Their heart is a closed circle. Other souls, carrying the Holy Spirit within them, are not welcome. This will be the most shocking day in history as people who think they are going to heaven watch the Gates shut by Christ, declaring He doesn't know them and NEVER did.

    The church I went to Ash Wednesday holds about 2500 maybe 3,000 people. Everyone knows everyone; and everyone knows no one. I am new there for they are the nearest ASL church, signing the service. The next nearest to me is 70 miles away.

    This treatment has been at other churches as well, and I mean denomination as well as just a catholic church...everywhere.
    Smaller churches have fewer resources, so i went to larger spots raising my children as a single parent. Now, I am stuck at a larger church as the only one to have sign language.
    Were it not for communion, I would stay home.

    In the book, "Why Catholics Don't Sing", right at the beginning, a man at Mass turns to a nun, and holds his hand out, for the Peace sharing moment.

    She gives him a whithered look, and replied:
    "I don't do that s%#t!", and looked away from him.

    I recommend you take your concerns to the highest authority in your parish and sit down and tell them your experience, and let them deal with the resolution. Otherwise, by their actions in the body of Christ, the bride rejects the groom and the wedding is over eternally for such souls.

    Ps. Be glad you are not deaf. It does not bother me, per se, but to be neither valued nor loved crushes the heart. God has been faithful and I rely on Him for a specific reason....Malchus.

    Peter cut off the ear of Malchus at the arrest. Christ said "we aren't gonna do it that way, Pete", and put the ear back on Malchus....the LAST miracle, overlooked often. As Malchus was restored for hearing, Christ will one day touch my own ears too.

    I comment widely on blogs, and the worst to comment on,.... are Christian blogs, for they fight cats and dogs over minutia, and speak little of Christ otherwise.
    And like at church, they have an online circle of friends who are "accepted", while newbies are ignored. They miss out on some great companionship.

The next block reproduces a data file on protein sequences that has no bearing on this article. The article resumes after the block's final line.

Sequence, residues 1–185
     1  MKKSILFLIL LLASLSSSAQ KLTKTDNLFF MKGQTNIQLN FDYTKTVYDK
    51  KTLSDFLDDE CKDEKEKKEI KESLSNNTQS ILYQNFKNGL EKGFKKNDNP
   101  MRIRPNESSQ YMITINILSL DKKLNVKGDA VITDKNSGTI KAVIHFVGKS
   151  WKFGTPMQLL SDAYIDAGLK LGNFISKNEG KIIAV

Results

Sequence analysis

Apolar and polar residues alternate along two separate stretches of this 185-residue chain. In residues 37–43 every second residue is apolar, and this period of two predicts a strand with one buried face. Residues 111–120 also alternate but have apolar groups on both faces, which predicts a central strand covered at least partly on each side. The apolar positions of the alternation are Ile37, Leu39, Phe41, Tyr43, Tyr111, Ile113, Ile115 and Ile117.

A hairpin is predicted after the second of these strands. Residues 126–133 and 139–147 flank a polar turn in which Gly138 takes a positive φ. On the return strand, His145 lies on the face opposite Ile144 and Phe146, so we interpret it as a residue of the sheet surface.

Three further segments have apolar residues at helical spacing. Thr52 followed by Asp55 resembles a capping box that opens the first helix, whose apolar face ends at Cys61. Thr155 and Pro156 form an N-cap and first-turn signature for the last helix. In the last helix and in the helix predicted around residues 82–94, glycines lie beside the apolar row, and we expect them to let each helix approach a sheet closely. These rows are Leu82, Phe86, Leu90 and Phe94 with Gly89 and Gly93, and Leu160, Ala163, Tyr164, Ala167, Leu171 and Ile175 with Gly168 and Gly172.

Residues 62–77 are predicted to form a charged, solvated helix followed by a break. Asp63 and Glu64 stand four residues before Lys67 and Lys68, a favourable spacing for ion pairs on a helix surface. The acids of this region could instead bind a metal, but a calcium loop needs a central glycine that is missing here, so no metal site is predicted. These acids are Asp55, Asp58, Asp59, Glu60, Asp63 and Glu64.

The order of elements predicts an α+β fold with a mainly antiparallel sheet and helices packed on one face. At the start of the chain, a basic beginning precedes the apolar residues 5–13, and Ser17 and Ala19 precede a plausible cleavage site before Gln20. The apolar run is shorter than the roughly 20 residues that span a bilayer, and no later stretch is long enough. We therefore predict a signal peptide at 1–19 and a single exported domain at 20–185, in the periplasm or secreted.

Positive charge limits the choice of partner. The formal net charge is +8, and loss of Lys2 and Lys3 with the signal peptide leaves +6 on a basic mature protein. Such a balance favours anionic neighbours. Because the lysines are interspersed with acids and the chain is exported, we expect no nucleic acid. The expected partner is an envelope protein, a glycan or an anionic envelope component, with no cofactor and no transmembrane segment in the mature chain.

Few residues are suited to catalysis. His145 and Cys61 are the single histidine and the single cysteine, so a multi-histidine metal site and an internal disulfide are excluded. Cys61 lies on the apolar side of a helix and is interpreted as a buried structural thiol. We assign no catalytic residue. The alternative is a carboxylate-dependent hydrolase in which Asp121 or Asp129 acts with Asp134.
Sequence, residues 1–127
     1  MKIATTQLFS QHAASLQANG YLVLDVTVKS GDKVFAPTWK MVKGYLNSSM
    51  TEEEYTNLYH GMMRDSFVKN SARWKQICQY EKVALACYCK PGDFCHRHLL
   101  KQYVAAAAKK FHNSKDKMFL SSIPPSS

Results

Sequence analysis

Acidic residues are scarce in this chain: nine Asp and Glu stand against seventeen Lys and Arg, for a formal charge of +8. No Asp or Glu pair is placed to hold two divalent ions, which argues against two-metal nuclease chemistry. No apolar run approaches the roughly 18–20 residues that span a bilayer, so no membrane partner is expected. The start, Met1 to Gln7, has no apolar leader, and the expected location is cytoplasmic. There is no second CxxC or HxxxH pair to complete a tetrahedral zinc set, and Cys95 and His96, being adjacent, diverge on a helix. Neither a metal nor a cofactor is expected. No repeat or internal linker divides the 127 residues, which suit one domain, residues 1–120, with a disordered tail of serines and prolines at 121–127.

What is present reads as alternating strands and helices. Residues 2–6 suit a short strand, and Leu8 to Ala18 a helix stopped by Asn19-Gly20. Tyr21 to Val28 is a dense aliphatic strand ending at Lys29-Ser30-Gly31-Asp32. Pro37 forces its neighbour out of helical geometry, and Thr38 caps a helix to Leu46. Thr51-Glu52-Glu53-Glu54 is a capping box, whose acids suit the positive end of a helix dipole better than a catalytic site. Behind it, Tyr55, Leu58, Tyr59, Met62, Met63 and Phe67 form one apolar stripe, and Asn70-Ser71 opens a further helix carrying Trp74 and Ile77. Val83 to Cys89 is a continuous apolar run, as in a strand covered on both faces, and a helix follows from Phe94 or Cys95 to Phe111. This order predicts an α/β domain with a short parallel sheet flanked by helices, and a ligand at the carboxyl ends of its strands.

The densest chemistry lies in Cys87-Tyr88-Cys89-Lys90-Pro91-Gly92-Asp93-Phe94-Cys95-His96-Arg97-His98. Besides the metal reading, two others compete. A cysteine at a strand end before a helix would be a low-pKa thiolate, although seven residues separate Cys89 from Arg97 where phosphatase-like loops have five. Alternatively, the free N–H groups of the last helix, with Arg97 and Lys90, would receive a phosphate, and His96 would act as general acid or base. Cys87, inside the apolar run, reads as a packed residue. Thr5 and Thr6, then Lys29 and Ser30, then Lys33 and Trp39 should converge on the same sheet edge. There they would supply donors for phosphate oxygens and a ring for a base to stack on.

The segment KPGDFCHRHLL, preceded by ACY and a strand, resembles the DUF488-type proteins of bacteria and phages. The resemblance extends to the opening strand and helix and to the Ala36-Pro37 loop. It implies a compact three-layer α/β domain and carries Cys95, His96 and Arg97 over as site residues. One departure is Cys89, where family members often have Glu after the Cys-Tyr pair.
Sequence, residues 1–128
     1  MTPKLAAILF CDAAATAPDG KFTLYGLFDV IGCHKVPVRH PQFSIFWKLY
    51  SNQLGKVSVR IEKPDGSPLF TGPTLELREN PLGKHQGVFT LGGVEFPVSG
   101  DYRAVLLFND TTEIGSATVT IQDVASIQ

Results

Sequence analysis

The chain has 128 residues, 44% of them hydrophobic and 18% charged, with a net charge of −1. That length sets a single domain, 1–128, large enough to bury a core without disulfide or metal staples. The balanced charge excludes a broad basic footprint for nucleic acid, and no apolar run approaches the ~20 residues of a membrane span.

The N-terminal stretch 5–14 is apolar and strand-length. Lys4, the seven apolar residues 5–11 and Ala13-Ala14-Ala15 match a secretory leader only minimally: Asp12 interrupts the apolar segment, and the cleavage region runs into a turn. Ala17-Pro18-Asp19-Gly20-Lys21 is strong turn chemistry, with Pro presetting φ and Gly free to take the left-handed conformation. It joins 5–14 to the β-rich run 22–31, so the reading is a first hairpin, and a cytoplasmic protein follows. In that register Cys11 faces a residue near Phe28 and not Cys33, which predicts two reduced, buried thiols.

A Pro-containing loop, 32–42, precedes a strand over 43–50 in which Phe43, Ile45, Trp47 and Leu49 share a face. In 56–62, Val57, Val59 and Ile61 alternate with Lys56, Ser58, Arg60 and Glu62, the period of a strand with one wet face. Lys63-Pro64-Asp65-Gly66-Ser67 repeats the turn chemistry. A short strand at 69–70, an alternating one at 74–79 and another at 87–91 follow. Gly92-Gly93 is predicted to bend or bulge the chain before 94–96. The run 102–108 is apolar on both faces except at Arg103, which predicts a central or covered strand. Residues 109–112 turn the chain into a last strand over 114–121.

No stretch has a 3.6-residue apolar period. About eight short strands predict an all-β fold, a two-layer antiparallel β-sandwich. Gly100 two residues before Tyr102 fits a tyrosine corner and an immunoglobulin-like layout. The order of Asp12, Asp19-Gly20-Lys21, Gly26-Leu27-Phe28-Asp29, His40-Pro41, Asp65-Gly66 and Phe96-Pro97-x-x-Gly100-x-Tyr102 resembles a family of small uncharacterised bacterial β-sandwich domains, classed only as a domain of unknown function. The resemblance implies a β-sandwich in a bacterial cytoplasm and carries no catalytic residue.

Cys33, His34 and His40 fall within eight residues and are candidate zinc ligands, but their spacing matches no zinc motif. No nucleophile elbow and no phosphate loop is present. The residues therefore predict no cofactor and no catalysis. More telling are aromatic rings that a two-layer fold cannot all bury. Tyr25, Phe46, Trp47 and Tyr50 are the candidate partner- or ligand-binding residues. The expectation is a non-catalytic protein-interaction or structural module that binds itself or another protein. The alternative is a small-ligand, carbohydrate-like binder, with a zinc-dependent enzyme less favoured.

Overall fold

3. I erred.
    The book is called "Why Catholics Can't Sing"...
    NOT Don't Sing. Sorry.

    But this gives me a moment to add relevant scripture on why we all MUST greet one another.
    Here are a few versions of Hebrews 13:2, an eloquent voice on this topic:

    New International Version (©1984)
    "Do not forget to entertain strangers, for by so doing some people have entertained angels without knowing it."

    New Living Translation (©2007)
    "Don't forget to show hospitality to strangers, for some who have done this have entertained angels without realizing it!"

    English Standard Version (©2001)
    "Do not neglect to show hospitality to strangers, for thereby some have entertained angels unawares."

    New American Standard Bible (©1995)
    "Do not neglect to show hospitality to strangers, for by this some have entertained angels without knowing it."

    International Standard Version (©2008)
    "Stop neglecting to show hospitality to strangers, for by showing hospitality some have had angels as their guests without being aware of it."

  4. MC
    That sounds like a horrible experience, but truthfully, it's not uncommon. I don't want to socialize with people in the sanctuary, but if I went to a social event like a pancake breakfast, I would not be able to live with myself if I treated someone as shabbily as you were treated. As painful as it is, it's also a gift from God to allow you to feel a scintilla of what He feels. Even while they're at Mass, there are so many people who do not talk to Him at all. They don't believe in the Real Presence and they completely disregard Him, even in His own house.

  5. I have heard the same thing about Catholic churches, people don't relate to each other. That's why I was not in agreement with that Sister who wanted silence after mass. We are literally driving Catholics away.

  6. Keystone, thank you so much for your comments. Adding an additional challenge must worsen an already difficult situation.

    How 'bout we all be nice tomorrow at mass? I don't need to give anyone the hairy eyeball when they aren't acting "up to snuff."

  7. I respectfully disagree with you Manny, as you know :)

    There is a very big difference between leaving church in the silence appropriate to the Blessed Sacrament and ignoring a newcomer at a pancake breakfast. I would also point out that in the days when it was unheard of to talk out loud following Mass, there were many more Catholics, as evidenced by the number of parishes and the number of Masses offered, as compared to today. It's when the "anything goes" mentality sunk in that "everything went", including many of the people.

  8. Thank you for your sensitive and very kind words, Mary Christine. I appreciate what you say.

    Manny is correct in his summation on Catholic Churches. Chapels are aplenty for those who desire adoration or silence.

    But people need God in their lives, and seeing Christians in joy, makes God come alive and desirable for association. You do not hear in church: